1. The Federal Reserve Discount Interest Rate.
Banks and other lending institutions borrow money from the Federal Reserve Banks. The discount rate is the interest rate a Federal Reserve Bank charges eligible financial institutions to borrow funds on a short-term basis. This rate is set by the boards of directors of the Federal Reserve Banks. The discount rate has a direct effect on the "Prime Interest Rate", which is the interest rate on short-term loans that banks charge their commercial customers with high credit ratings. You can get live information on the current Prime Rate at www.FedPrimeRate.info.
Of the three major factors that affect your interest rate, this is the one you have the least amount of control over.
2. Your FICO Score and Credit Report.
There are companies that gather and sell information about where you work and live, how you pay your bills, and whether you've been sued, arrested, or filed for bankruptcy. They are called Consumer Reporting Agencies (CRAs). The most common type of CRA is the credit bureau. Potential lenders will get your credit report from the credit bureau.
The FICO score is a method of determining the likelihood that credit users will pay their bills. It condenses a borrowers credit history into a single number.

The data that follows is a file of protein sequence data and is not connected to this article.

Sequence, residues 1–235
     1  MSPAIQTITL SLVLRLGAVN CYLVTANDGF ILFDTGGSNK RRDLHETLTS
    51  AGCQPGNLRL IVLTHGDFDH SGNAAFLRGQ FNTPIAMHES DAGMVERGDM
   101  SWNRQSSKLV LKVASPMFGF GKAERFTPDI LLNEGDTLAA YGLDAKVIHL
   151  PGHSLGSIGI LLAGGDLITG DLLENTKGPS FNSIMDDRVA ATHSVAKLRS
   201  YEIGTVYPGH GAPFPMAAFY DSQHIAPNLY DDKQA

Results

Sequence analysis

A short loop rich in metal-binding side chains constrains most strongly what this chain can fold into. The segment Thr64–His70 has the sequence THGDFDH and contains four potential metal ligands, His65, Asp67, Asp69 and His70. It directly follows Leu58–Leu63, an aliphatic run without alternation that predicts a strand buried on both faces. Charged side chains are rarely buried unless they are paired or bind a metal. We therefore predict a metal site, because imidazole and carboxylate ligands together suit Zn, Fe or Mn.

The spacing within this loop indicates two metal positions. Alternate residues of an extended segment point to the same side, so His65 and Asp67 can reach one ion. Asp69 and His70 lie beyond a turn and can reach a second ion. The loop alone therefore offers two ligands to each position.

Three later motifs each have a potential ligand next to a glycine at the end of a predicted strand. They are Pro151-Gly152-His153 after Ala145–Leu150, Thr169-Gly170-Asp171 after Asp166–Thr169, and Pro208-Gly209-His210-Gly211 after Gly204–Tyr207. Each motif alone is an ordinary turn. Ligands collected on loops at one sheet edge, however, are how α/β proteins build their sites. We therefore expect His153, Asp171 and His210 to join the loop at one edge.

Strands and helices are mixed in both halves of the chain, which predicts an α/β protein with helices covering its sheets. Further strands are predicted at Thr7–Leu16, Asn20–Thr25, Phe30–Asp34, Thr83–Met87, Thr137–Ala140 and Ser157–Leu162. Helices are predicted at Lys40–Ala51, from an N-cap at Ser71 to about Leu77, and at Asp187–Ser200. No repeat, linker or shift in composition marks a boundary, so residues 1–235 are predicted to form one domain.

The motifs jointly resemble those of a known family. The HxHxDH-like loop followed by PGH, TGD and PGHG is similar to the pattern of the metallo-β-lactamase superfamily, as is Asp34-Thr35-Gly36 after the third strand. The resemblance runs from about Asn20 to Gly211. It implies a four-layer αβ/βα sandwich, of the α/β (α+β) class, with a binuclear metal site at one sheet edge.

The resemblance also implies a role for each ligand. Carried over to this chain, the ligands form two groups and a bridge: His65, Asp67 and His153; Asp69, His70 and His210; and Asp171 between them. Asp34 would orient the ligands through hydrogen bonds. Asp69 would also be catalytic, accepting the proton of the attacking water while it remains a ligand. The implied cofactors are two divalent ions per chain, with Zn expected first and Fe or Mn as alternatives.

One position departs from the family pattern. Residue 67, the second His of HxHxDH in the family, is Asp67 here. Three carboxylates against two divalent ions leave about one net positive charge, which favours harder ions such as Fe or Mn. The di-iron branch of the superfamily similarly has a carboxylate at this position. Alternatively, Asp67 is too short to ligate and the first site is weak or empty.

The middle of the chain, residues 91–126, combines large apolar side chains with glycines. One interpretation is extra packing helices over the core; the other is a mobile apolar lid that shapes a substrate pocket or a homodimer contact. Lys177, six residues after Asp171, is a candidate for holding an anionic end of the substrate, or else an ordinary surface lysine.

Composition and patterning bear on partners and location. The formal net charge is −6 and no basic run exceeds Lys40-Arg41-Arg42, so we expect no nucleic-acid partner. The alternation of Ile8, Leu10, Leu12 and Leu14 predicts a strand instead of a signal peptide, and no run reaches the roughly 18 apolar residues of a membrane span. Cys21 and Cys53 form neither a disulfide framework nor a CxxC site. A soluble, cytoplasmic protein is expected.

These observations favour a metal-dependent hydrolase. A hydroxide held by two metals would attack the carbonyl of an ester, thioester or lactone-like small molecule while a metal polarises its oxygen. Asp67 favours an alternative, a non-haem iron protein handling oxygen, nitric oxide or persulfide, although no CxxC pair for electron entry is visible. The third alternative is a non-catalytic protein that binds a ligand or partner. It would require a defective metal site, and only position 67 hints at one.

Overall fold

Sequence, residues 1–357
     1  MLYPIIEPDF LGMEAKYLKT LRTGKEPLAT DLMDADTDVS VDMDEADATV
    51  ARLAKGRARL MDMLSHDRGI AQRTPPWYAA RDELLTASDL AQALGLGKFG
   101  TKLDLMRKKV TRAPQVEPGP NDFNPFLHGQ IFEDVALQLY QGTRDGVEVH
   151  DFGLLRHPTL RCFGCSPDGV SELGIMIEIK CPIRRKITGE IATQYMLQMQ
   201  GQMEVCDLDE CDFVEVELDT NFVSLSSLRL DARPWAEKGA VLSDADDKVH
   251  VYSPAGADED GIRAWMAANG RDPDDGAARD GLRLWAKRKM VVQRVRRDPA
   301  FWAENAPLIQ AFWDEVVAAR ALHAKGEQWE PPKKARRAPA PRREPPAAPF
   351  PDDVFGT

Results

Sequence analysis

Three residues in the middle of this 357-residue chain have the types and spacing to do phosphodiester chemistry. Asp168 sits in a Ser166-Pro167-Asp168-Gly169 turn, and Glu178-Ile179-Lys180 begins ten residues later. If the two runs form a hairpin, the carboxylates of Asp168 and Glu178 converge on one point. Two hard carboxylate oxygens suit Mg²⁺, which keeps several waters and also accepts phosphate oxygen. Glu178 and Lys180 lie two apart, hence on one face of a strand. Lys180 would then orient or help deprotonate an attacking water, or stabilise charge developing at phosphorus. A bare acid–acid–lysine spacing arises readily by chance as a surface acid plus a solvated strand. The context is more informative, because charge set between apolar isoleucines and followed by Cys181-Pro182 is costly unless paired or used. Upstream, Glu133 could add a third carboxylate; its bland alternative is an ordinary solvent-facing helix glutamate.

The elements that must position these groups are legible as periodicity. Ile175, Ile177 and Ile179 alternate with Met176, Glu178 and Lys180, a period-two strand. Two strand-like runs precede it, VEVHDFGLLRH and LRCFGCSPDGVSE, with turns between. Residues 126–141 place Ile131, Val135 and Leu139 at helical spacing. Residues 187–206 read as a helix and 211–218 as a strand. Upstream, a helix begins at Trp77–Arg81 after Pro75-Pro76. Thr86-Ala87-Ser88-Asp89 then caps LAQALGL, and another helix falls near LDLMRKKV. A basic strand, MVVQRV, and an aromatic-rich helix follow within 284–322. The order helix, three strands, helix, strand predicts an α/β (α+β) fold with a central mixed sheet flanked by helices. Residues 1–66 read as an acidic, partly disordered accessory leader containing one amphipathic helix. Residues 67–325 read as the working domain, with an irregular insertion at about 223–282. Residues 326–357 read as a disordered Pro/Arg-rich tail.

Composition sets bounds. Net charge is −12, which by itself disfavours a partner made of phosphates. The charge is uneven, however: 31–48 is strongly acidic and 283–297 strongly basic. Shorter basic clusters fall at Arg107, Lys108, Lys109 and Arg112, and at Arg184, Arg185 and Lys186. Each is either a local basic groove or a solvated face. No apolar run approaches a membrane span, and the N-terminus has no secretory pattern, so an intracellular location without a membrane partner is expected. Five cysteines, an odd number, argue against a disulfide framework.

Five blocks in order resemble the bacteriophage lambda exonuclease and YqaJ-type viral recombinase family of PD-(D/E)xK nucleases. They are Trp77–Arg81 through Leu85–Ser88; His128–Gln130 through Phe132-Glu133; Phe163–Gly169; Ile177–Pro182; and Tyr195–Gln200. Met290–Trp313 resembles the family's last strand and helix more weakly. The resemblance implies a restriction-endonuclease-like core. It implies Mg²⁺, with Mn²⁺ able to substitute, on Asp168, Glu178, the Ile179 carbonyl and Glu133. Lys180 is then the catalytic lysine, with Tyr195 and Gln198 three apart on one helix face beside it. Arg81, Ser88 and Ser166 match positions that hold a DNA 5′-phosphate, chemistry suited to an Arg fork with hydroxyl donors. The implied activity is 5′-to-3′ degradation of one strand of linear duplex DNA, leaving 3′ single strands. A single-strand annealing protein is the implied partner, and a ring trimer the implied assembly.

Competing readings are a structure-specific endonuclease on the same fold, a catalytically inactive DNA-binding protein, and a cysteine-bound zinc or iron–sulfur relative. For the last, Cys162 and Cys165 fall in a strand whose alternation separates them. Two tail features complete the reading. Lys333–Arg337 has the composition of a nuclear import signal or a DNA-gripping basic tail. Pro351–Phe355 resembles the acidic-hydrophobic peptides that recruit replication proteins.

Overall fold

You can protect your FICO score and credit report by paying your bills on time and not over-extending yourself. You also have the right to have false information removed from your credit report.
3. Lender Business Factors.
Banks and other lenders are in business to make a profit. They also exist in a competitive market. Like all businesses, they will balance their profit margin with competitive factors. If they charge too little, based on your credit history and the prime rate, they risk going out of business. If they charge too much, they risk losing you to a competitor. Therefore, in order to get the best deal you can, you should shop around.
Keep one thing in mind when you are shopping around. One of the things that affects your FICO score is the number of times your credit report has been accessed in a certain period of time. Therefore allowing too many potential lenders to run your credit report in a short period of time could be counterproductive. Three or four is typically a safe number. If you request an on line quote from several lenders, they won't typically run your credit report until after they have made their initial quote.
(You must explicitly provide a potential lender with permission to run your credit report. For that, they usually need your Social Security Number.)
In summary, the three major factors you pay for a loan are the prime rate, your credit history (FICO score) and business conditions such as competition.